299

Systematics and functional morphology of Columbocystis, a Middle
Ordovician "Cystidean" (Echinodermata) of uncertain affinities
Ronald L. Parsley

349

Fordilla iroyensis Barrande and early pelecypod phylogeny
John Pojeta, Jr

363

Evidence for relating the Lepidocoleidae, machaeridian echinoderms,
to the mitrate carpoids

John K. Pope
18.

19.

20.

385

_

The genus Plumalina

Hall, 1858 (Coelenterata)
Daniel B. Sass and Barrett N. Rock

Monocyclism vs. Dicyclism:
John M. Warn

A

primary schism



Re-examined

in crinoid

407

phylogeny?
423

The

sexual dimorphism and ontogeny of Ceratopsis chambersi (Mil(Ostracoda, Palaeocopida) from the Upper Ordovician of southwestern Ohio and northern Kentucky
Steven M. Warshauer
ler)

443


STUDIES IN PALEONTOLOGY

AND STRATIGRAPHY

KENNETH EDWARD CASTER
'Paleontology

is

an art as well as a science."

Kenneth Caster is a complex man. Raised and educated in upNew York, and Pennsylvania, he blends the resourcefulness
and craftsmanship of the Yankee pioneers of his part of this country
with the imagination and analytical mind of the scientist and the
wit and sophistication of a man of letters and international travel.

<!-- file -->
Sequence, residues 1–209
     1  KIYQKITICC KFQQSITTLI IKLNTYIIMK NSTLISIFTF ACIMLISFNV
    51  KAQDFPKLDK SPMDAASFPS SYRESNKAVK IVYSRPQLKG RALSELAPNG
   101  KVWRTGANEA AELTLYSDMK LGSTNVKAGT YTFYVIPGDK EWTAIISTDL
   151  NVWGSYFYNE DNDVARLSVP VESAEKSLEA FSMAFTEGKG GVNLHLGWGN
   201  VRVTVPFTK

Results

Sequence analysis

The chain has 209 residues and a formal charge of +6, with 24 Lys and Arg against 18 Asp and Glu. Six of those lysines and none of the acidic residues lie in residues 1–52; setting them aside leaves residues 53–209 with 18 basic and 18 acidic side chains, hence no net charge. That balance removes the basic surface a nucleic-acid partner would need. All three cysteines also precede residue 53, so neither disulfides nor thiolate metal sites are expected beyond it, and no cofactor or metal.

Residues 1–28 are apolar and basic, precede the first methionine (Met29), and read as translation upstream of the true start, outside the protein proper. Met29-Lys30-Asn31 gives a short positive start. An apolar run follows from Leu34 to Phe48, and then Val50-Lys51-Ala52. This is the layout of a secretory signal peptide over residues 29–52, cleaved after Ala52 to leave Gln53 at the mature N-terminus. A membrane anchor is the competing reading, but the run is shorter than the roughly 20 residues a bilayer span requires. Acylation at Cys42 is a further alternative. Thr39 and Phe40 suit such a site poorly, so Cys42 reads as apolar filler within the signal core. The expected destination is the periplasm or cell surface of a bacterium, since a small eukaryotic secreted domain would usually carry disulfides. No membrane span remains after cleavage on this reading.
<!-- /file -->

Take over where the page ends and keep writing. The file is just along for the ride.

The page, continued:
Those who have learned from him have come away inspired, aware
not only of their science but also of the breadth of man's other finer
endeavors, such as art and literature, and of nature's riches. Few scientists combine the penetrating intelligence, rapid comprehension of
detail, stamina, and enthusiasm for life to permit themselves simultaneously to become both masters of their chosen fields and broadly
authoritative throughout the arts, humanities, and other sciences as
state

well.

Born in New Albany, Pennsylvania, in 1908, Kenneth Caster
grew up in Ithaca, New York. There he received his early education and at Cornell University, his A.B. in 1929, M.S. in 1931, and
Ph.D. in 1933. Even before entering college, Kenneth came under
the influence and inspiration of J. C. Bradley, entomologist, and
E. Laurence Palmer, natural historian, both of Cornell University.
In his early college years. Caster's interest was entomology.

even while serving as an assistant

How-

entomology
to Bradley, his interest was diverted toward the work of G. D.
Harris, paleontologist and stratigrapher in the Department of

ever, as a senior,

in

Geology at Cornell University. Harris, although a

specialist

in

Tertiary mollusks, recognized the need for continuing work in the

New York and there
The result was Caster's study of the
and stratigraphy of the Upper Devonian and Lower Carboniof southwestern New York and northwestern Pennsylvania,

mid-Paleozoic rocks of Pennsylvania and
directed Caster's attention.

faunas
ferous

his doctoral dissertation, his early publications,

interest in that part of the geologic

column.

and

his continuing


Kenneth

While

still